English Dub Review: The Heike Story “The Glory of the Corrupt World is a Dream in a Dream”


OVERVIEW (SPOILERS)To make up for some rash actions by his youngest son, Shigemori sends him to a different Ise as punishment. His sister, Tokuko, is betrothed to the emperor’s son, despite him being six years younger than her. She explains this to Biwa, who also meets a female entertainer, Gio. Biwa takes a liking to Gio, though learns that she used to be used as a plaything by Kiyomori, Shigemori’s father and the leader of the Taira, who has become a monk but still holds power in the clan despite supposedly handing that over to Shigemori. Later, Gio and her sister become nuns in order to escape being used by Kiyomori, which saddens Biwa, but she learns through a vision that Gio, her sister, and even their replacement all survive as nuns. However, Tokuko goes to be betrothed, which Biwa tearfully cannot stop, even while knowing of Tokuko’s fate by drowning.

OUR TAKESo, here’s a reality that came crashing down as I tried to summarize this episode: this show is VERY unforgiving of viewers who haven’t completed their bachelor’s degree in Japanese history. Or I guess you could say that this show is very entrenched in its own country’s history that it doesn’t have time nor inclination to really slow down for those who don’t know that context. I suppose this wouldn’t be any different if someone who only grew up in Japan tried to do a review of that John Adams HBO series from 2008. My point in saying all this is that, while it was simple enough to determine who the important characters were, their role in the story, and what the episode was trying to comment on, filling in the blanks on who all those people are and the historical relevance to all of that really proved to be an uphill battle that I imagine will only get harder as we go on. That said, I do welcome that challenge, mainly because, out of the two episodes we’ve had so far, The Heike Story has proven to be quite intriguing in its stylistic approach to this material.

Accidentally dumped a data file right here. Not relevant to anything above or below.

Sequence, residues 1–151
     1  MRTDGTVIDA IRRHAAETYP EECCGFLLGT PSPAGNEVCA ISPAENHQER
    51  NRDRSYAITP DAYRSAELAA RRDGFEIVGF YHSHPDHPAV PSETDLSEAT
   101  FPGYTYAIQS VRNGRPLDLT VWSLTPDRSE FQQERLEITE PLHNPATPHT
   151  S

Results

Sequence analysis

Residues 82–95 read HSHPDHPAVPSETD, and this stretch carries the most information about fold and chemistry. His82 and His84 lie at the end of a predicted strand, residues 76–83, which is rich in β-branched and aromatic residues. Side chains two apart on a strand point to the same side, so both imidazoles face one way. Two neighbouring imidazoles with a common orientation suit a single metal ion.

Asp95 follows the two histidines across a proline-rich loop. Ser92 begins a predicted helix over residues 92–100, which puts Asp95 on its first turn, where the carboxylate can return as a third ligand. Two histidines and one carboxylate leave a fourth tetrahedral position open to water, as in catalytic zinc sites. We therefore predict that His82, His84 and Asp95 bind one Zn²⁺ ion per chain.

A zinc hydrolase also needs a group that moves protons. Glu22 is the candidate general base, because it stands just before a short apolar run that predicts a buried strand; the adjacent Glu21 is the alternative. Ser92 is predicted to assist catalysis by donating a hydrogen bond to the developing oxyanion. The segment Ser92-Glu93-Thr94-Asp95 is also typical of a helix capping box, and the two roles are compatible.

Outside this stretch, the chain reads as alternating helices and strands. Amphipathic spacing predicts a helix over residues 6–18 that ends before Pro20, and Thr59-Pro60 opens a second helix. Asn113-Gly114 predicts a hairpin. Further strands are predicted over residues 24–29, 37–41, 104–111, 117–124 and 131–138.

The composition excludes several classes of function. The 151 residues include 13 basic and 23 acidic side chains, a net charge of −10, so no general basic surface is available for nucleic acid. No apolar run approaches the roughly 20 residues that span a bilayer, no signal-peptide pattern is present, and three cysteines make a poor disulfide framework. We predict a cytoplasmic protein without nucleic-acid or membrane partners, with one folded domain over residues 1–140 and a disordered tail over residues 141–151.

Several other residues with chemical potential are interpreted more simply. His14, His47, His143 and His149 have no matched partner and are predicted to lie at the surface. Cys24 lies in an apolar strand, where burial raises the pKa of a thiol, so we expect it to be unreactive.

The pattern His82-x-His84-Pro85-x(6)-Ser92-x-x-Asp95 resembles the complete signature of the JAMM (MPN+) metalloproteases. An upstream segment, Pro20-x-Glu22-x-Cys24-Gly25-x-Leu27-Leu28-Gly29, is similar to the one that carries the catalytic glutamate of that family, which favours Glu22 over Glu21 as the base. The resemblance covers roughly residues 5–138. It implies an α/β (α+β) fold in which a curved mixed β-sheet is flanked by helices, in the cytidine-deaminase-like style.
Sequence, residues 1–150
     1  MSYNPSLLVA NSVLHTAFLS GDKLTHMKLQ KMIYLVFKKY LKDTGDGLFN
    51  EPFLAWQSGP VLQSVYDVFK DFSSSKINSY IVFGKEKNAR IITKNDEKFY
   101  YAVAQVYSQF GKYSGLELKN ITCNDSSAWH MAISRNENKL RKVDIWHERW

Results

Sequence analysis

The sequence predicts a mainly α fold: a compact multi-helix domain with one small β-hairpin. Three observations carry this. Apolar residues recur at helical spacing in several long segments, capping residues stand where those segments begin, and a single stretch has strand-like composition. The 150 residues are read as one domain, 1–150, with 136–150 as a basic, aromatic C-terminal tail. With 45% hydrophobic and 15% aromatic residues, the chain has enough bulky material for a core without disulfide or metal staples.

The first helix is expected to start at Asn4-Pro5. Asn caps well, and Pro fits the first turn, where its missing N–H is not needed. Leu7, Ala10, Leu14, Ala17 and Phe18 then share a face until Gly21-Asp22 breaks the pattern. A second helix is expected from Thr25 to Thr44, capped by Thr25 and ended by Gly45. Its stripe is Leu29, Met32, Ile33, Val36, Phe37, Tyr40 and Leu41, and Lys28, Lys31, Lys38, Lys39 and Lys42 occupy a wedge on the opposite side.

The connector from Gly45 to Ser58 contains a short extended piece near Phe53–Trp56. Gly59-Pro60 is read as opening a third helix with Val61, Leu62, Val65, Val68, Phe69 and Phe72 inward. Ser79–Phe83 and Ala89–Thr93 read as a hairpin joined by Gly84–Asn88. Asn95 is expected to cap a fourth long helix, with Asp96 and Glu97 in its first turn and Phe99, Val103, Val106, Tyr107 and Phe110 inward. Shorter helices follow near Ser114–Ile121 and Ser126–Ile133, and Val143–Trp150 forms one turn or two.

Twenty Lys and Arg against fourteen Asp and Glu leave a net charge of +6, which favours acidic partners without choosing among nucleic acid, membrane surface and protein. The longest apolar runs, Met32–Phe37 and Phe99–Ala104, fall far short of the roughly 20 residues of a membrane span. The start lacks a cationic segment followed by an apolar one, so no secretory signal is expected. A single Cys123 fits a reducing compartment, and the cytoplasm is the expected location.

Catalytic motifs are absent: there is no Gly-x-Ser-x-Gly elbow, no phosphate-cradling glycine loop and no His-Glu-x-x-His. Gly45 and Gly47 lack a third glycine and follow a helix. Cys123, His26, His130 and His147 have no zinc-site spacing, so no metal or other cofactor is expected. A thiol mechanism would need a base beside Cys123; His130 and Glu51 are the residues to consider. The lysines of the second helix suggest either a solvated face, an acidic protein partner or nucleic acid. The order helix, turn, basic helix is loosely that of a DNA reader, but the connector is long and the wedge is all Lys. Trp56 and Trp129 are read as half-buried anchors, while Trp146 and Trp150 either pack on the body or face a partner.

As for what this episode in particular is all about, I think the theme I’ve managed to parse is that this is an examination of the powerlessness of women in this period. Tokuko and her sister Moriko are married off as bargaining chips, even having to outlive their husbands and then marry children to prioritize continuing their respective lines and maintaining strong relationships with powerful families to retain their own family’s power. Likewise, performers like Gio are on their own until situations where they gain the favor of a nobleman, like Gio was picked up by Kiyomori, who has held power for so long that he doesn’t see those beneath him as human beings, least of all women. And given that Biwa’s main conflict in this story is that she is fully aware of the Taira’s eventual demise, it is all the more tragic knowing that Tokuko will indeed die, so it is also a welcome surprise that Gio, her sister, and others will survive by becoming nuns, the only way can take control of their lives in this era. There’s also some stuff to mention about Shigemori, whose US voice is doing his best Liam Neeson impression, on his own path to his own end, but we can get more into that next time.

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